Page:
Buy-to-let investors beware!
Many buy-to-let investors are attracted by the idea of investing in residential flats, but beware…
On the face of it, the lease may not prohibit subletting, and the owner is therefore free to enter into a short term letting, usually on Assured Shorthold Tenancy terms. However, the lease may contain a covenant that says that the flat can only be used as a private dwelling for the tenant and his family.
The recent case of Burchell v Raj Properties Ltd looked at this issue. The tenant of the flat wanted to sublet it for investment purposes and argued that it was still being used as a private dwelling “for” the tenant, (ie he was taking the benefit of the rent) even though it was not being occupied “by” the tenant.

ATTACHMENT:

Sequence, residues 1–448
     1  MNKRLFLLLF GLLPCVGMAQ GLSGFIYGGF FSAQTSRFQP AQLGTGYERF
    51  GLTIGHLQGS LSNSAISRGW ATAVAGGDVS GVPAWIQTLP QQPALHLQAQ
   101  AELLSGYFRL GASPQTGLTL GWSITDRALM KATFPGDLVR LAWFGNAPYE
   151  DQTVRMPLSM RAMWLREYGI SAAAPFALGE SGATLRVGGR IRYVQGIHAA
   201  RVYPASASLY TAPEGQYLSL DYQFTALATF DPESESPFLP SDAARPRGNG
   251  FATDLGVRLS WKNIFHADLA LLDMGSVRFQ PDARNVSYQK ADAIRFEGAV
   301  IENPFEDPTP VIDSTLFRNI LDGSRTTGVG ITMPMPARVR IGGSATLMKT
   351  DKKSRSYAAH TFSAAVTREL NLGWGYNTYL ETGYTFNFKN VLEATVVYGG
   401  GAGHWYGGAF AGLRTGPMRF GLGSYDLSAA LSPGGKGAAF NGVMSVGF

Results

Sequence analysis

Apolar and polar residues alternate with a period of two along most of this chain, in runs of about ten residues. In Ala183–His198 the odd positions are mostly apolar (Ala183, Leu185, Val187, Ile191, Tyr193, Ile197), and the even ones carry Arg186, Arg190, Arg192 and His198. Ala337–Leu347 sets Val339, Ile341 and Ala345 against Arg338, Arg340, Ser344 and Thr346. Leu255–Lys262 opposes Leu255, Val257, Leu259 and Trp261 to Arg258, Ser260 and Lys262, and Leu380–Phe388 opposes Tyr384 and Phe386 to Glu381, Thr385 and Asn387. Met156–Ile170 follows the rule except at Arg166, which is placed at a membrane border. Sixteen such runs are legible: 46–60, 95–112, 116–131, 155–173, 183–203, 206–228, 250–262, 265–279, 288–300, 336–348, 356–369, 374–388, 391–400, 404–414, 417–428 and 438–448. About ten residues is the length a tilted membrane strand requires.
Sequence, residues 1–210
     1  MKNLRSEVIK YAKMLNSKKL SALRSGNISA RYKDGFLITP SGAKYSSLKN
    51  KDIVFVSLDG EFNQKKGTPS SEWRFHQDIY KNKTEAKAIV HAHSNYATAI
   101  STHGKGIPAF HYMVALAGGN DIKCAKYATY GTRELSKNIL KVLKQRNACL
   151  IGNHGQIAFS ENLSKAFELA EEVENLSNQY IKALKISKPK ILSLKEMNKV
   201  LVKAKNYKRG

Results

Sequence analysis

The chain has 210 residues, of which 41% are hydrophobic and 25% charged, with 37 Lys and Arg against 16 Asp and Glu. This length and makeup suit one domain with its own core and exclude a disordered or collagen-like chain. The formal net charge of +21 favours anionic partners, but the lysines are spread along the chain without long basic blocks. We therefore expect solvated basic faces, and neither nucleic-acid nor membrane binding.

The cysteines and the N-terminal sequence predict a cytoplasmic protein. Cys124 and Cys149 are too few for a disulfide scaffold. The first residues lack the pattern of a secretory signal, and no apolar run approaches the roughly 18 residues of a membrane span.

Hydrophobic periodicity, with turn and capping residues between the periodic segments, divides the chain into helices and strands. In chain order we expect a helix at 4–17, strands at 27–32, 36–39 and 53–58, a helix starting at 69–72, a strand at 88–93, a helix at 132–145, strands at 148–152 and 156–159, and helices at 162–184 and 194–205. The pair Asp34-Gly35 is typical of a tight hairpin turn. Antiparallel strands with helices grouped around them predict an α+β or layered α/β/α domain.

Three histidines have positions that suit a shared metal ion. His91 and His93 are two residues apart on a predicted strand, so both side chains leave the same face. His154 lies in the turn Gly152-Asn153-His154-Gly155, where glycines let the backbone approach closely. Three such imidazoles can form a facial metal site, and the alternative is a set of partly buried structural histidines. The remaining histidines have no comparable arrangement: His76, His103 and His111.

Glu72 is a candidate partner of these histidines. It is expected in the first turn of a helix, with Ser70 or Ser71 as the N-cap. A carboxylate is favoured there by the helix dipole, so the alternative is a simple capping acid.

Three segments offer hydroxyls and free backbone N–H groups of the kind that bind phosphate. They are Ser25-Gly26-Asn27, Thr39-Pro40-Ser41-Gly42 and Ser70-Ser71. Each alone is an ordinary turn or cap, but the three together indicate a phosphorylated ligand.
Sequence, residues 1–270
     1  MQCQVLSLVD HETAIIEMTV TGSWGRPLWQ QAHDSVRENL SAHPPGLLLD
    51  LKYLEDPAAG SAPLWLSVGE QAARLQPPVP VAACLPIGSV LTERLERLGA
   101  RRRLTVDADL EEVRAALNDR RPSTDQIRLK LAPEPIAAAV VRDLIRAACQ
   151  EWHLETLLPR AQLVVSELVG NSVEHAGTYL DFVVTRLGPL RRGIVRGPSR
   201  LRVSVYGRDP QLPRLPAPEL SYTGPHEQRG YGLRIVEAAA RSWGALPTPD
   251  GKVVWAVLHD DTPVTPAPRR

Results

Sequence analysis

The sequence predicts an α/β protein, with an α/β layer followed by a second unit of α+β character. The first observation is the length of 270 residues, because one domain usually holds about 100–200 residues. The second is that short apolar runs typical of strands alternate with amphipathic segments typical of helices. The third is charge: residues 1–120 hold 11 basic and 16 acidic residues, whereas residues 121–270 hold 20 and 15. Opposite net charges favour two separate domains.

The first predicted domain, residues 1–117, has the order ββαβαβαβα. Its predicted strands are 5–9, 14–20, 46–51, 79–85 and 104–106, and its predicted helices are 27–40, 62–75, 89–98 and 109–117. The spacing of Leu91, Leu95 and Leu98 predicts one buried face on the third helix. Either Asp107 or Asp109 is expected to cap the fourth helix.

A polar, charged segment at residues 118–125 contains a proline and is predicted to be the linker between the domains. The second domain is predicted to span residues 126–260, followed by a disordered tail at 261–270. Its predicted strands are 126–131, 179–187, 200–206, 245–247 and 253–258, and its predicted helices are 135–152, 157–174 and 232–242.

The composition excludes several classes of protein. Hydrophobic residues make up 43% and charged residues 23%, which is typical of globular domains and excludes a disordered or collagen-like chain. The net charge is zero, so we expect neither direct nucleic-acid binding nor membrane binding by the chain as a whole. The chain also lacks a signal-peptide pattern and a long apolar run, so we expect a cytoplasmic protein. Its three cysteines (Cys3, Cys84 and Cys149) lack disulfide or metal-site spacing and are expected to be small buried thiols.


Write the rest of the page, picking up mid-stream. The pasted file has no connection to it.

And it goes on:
The landlord successfully argued that the tenant was at liberty to sublet to members of his family but not to anyone else, as the flat could only be used as a private dwelling for the tenant and his family.
Anyone looking to invest in residential flats should look closely at the wording of the lease to ensure that there are no restrictions on who can occupy the flat. Subsequent discussions with the landlord to vary such restrictions could prove costly and substantially reduce the anticipated return on the investment.